The Hornets selected Jalen McDaniels with the 52nd pick in the 2019 NBA Draft, and after months of deliberation, signed him to a Two-Way contract in Oct. that was eventually converted to the partially-guaranteed three-year deal he’s playing on today.
At the time of the contract conversion, it seemed as if the Hornets wanted him on a partially-guaranteed deal rather than a Two-Way because his upside intrigued them, and they didn’t want him to be limited to the 45 days of NBA service that a Two-Way contract requires. But, to this point, he has played a mere seven minutes over two game appearances in the NBA. Speaking for the majority of Hornets fans, there is but one question: why?
Granted, Charlotte has plenty of forwards; it’s easily their most stacked position with PJ Washington, Miles Bridges, Marvin Williams, Nic Batum and Michael Kidd-Gilchrist all ahead of McDaniels on the depth chart. As we move further into the season, though, it is becoming readily apparent that the team really doesn’t benefit from giving big minutes to marginally-effective veteran players on expiring contracts; it rarely results in wins, and can stunt the development of the young core. Still, rare are the days where McDaniels (or other G-League players like Caleb Martin, Kobi Simmons and Ray Spalding) is called up from the Greensboro Swarm to spend some time with the Hornets.
McDaniels’ game has grown since he arrived in Greensboro — yet another testament to the Hornets’ player development staff. After two seasons at San Diego State, McDaniels was mostly limited to a floor-spacing, vertically-athletic four that was only a moderate defender due to his extremely thin frame. He’s still super skinny and not overly-impactful on the defensive end, but he’s diversified himself as a scorer.
His three-point shooting has improved from 32% (2.2 attempts per game) in his sophomore season at SDSU to 40% (3.6 attempts per game) as a member of the Swarm. His TS% has risen to 57.1 in Greensboro from 52.5 as an Aztec. More important than his shooting percentages, are the kinds of shots he takes. McDaniels fits the Hornets’ “threes and layups” philosophy; 71.1% of his shot attempts come from within five feet of the rim or behind the three-point line. He could stand to improve his 52.7% mark from inside five feet, but his shot selection fits the bill at this juncture.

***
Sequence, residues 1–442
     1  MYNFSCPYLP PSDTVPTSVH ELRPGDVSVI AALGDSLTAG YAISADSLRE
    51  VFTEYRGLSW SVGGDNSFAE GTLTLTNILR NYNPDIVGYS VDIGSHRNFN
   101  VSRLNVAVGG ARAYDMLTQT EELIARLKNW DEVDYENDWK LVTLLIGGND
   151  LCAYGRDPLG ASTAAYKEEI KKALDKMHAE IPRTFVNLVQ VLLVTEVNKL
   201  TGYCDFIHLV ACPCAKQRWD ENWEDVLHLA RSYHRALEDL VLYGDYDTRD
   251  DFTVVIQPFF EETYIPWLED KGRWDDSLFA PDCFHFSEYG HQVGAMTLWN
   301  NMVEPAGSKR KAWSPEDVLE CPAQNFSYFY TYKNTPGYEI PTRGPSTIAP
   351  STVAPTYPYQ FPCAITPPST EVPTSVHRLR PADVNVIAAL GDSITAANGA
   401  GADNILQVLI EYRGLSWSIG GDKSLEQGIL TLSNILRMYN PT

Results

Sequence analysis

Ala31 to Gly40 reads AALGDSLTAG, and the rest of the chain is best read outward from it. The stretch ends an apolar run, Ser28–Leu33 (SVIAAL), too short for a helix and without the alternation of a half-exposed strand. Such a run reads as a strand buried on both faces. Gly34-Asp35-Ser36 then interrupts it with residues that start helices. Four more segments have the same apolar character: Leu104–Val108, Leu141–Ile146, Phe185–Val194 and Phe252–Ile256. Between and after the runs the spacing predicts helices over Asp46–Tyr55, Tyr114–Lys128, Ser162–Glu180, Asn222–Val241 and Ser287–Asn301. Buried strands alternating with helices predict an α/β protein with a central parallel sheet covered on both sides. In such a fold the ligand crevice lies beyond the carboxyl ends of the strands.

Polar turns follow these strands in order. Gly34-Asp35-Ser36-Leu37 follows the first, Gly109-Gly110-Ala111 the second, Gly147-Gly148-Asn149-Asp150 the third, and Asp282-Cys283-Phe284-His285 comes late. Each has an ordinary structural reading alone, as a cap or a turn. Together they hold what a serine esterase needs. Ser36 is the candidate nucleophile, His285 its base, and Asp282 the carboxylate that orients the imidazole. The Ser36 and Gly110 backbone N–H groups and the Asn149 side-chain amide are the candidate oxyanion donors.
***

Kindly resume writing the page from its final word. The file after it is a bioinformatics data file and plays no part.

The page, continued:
McDaniels’ aforementioned athleticism is something the Hornets currently do not have much of — they might be the most athletically-deprived team in the NBA. Miles Bridges is the team’s only “athletic forward”, and he is a much different (and better) kind of athlete than McDaniels is. Whereas Bridges is explosive, McDaniels is more controlled, and doesn’t have the same speed and strength. He jumps high, but it’s not flashy. Regardless of that, strength is something that can be developed relatively easily with an NBA-level training and eating regiment.
The defensive versatility that McDaniels possesses is interesting as well. He’s much better-suited to defend on the perimeter due to his slight frame, but his length helps when players his size take him inside. He’s a pretty switchable defender. His 7’+ wingspan and on-ball awareness allow him to more-easily strip smaller players and deflect passes when denying the ball. Averaging 2.0 steals and 1.1 blocks per game this season, it seems like his overall defensive instincts (rotating to/from help, reading passing lanes, etc.) have improved in Greensboro.
Regardless of what one may think of McDaniels, the Hornets are getting to the point where it’s kind of a disservice to him to be seeing NBA time this infrequently. Remember, he’s not a Two-Way player; he’s a contracted member of the Hornets. Clearly they know more about developing a basketball player than I or anyone on the internet does, but it’s hard not to wonder what the team’s rotation would look like had McDaniels and his fellow Swarm teammates been getting called up more often. It’s unlikely that any of these players will be real difference-makers, but are they capable of making a bigger difference than MKG or Batum do while sitting on the bench? Likely.
Once the trade deadline passes, we’ll have a clearer view of what James Borrego and his staff plan to do with the rotation for the remainder of the season. A multitude of moves would come as a huge surprise, but the off-loading of a Marvin Williams, Michael Kidd-Gilchrist, Cody Zeller, Bismack Biyombo or Willy Hernangomez would open up a roster spot and some potential playing time for McDaniels.